However, it was a distinction difficult to maintain, and, as we shall find later, the cross became, probably as a result of this adoration, endowed with a personality to the point of being deified. In the early days of the faith the Christian repudiated the name of 'cross-worshiper,' but at the time which we are studying there was no longer reproach in the name. Aldhelm, for example, calls himself 'worshiper of the cross
as a synonym for Christian.”
III. THE SIGN OF THE CROSS
The visible, material cross-crux exemplata—was not more important in the service of the church and the life of the Christian than the cross in its invisible or imaginary
1 Homilies 2. 240.
* Pref. Liber de Virgin., Fatrolog. Lat. 89. 103. Lingard 2. 107 gives references to the author of the Life of St. Willibald, and one of his correspondents, who uses the same term.
form, the sign of the cross' or crux usualis. Long before the Christian dared to expose the symbol of his Lord in outward, visible form, this was his countersign among his fellow-disciples, his profession of faith before his enemies, and his comfort and resource for every event, from the trivial details of daily life to the deepest experiences of joy
The original method of making the sign was to mark a cross on the forehead with the thumb or fore-finger. The same mark could also be applied to blessing parts of the body or other objects. In the sixth century another method had risen into favor, in which the hand was raised to the forehead, then drawn down to the heart, then to the left shoulder, then to the right. These were the two chief methods—the small cross and the large cross—and there were in the making of the latter a variety of methods of holding the fingers, with a corresponding variety of significations.
Both the small and the large cross were known in Anglo-Saxon England. In the Egbert Pontifical the sign is referred to as made cum pollice or cum digito. Alcuin, in speaking of the celebration of the Mass, evidently has the cross in mind.' Boniface says: ‘Habete Christum in corde, et signum sanctæ crucis in fronte,'* and there are many other references to this small cross upon the brow. According to William of Malmesbury's account of the Life of St. Dunstan, this usage persisted in his day; for, as the saint beheld Edgitha making the sign frequently upon her brow, he cried, ' May that hand never decay!' And it was proved
* Kraus, Realencyl. Christ. Alt. p. p. 252.
* Patrolog. Lat. 100. 499: 'Crucem in fronte ponit diaconus, . deinde in pectore.'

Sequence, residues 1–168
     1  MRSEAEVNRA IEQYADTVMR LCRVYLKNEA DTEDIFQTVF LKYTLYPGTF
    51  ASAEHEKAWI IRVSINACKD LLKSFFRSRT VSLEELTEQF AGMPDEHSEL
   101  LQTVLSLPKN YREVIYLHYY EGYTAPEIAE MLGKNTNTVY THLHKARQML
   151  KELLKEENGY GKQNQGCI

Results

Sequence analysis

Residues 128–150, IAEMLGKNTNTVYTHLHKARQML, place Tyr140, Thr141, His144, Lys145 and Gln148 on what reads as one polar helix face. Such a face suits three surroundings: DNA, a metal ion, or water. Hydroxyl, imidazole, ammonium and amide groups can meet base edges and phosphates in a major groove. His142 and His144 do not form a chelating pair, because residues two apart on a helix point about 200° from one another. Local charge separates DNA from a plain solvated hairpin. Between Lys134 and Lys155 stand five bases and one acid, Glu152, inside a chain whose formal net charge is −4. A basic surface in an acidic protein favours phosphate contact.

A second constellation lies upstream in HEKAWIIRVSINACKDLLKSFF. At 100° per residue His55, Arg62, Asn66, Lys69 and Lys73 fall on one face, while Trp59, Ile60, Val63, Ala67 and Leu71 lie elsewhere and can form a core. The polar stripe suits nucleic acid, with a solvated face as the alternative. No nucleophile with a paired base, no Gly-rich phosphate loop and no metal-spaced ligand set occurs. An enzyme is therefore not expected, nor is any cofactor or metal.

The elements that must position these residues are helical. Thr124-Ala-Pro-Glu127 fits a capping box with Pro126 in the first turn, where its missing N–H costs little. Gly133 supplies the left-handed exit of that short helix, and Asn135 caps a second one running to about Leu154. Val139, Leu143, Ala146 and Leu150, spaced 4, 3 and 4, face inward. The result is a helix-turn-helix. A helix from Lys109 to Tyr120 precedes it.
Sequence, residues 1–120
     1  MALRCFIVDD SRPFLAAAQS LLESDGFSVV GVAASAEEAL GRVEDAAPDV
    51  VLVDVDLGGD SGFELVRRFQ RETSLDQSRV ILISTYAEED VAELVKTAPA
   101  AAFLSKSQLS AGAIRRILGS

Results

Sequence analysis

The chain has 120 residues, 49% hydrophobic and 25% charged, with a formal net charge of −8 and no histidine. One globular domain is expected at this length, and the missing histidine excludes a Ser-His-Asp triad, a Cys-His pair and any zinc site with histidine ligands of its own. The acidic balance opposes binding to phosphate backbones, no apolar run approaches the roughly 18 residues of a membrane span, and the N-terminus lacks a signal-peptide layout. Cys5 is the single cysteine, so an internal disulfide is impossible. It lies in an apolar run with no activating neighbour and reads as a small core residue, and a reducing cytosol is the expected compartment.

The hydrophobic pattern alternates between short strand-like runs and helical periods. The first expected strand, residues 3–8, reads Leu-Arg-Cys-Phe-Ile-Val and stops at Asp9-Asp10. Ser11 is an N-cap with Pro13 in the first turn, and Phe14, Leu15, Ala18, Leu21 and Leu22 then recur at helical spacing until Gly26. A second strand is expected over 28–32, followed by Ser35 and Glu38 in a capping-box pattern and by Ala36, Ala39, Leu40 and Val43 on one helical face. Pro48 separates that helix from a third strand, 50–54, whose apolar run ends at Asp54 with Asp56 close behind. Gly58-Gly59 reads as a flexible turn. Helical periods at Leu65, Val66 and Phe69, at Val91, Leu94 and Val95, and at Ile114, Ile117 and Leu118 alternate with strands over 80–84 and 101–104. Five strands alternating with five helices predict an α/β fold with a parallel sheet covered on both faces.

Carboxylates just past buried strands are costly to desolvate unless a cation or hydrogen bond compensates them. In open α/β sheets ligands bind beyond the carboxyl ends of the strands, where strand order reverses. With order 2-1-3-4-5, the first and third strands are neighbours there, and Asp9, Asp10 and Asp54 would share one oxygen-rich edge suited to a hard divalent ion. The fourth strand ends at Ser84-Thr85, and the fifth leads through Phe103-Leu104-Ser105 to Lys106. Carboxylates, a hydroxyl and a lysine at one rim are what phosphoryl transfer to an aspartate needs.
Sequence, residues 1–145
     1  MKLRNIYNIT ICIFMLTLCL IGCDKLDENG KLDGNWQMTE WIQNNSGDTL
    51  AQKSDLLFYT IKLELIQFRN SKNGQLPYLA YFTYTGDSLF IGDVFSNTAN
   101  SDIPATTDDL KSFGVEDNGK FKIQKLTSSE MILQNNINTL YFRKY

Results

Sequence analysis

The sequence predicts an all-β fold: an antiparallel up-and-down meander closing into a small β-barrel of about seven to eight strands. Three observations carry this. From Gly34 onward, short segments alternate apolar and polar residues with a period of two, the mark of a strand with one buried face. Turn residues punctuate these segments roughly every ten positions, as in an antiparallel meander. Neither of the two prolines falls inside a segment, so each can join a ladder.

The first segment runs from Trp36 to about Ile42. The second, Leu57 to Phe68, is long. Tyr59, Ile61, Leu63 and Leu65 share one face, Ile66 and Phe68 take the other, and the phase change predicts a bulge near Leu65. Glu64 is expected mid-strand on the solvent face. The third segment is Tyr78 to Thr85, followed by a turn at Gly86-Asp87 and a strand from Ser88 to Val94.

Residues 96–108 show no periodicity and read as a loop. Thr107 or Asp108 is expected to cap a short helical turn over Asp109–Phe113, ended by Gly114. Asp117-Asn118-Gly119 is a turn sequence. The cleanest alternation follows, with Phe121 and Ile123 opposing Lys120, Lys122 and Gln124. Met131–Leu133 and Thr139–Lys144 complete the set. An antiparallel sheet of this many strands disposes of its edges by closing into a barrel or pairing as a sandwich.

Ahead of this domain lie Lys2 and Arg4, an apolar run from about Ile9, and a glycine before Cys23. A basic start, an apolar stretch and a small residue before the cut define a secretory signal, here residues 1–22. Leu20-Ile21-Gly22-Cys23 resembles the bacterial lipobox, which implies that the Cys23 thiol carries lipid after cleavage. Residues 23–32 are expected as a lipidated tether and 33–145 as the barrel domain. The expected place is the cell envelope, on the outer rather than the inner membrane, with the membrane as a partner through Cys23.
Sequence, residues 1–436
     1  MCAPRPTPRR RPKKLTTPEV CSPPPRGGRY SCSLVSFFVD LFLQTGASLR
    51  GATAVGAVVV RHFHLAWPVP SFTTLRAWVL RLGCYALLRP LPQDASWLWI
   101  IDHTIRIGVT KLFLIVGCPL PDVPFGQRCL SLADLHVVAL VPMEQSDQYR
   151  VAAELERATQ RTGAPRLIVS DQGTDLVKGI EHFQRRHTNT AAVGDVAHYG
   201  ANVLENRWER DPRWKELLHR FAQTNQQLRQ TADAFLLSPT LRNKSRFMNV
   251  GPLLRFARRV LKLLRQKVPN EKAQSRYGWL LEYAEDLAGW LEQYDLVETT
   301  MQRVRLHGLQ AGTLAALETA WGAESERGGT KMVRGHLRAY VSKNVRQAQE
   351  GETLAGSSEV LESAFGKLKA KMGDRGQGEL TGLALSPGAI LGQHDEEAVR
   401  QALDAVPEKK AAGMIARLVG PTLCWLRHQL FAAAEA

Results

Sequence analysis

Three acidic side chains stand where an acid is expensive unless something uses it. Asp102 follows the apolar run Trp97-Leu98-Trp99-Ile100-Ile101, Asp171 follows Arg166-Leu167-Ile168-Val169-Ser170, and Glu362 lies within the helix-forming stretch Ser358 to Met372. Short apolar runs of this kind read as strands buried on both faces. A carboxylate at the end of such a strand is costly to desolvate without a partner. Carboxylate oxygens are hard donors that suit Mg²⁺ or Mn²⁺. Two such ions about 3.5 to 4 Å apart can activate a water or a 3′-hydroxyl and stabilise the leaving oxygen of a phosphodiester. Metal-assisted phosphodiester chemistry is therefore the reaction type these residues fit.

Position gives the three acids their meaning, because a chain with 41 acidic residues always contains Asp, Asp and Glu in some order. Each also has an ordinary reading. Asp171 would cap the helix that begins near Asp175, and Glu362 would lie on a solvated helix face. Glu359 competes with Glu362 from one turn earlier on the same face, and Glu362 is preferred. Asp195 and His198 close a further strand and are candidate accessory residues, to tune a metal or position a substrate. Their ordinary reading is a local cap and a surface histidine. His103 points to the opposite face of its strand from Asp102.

• Opera, ed. Giles, 2. 97.
after her death that the hand that made the sign remained uncorrupted.
Possibly the long life of this earlier use among the Anglo-Saxons was due to the great number of legends with which they were familiar which went back to the time when the small cross was the only one in use; and also to their adherence to rituals which were probably of very early origin. But in the Blickling Homilies Christians are exhorted to bless all their bodies seven times with Christ's rood-token. In this the reference seems to be to the large cross. Ælfric describes this as follows: ‘A man may wave about wonderfully with his hands without creating any blessing, unless he make the sign of the cross. In that case the fierce fiend will soon be frightened on account of the victorious token. With three fingers one must bless himself for the Holy Trinity.'
By the same authority we are told that the sign of the cross in its origin goes back to Christ himself;* therefore, since the Savior gave this token to his disciples, it had the added dignity of a sacrament.
(a) The Sign in Ritual The idea which underlay the use of the sign in the ritual of the church was its power to purify the person or object so blessed from the presence of evil spirits. This is brought
* Zöckler, p. 247, refers to this princess as an example of self-inAicted cross-torture, that she scratched the sign of the cross upon her forehead an innumerable number of times with her sharp thumbnail. The only reference to anything of the sort whatever is the passage mentioned above, wherein I find no hint of anything beyond the usual crossing of the forehead. The passage is as follows: Viderat eam sanctus Dunstanus in consecratione basilicæ beati Dionisii ... pollicem frequenter dextrum protendere et signum crucis fronti a regione pingere.' Wm. Malm., Gesta Pontif., p. 189.
* ibid. 2. 508. Also Gospel of Nicodemus, ed. Thwaites, p. 17: *And se Hælend . . . rõde tācen ofer Adam geworhte.'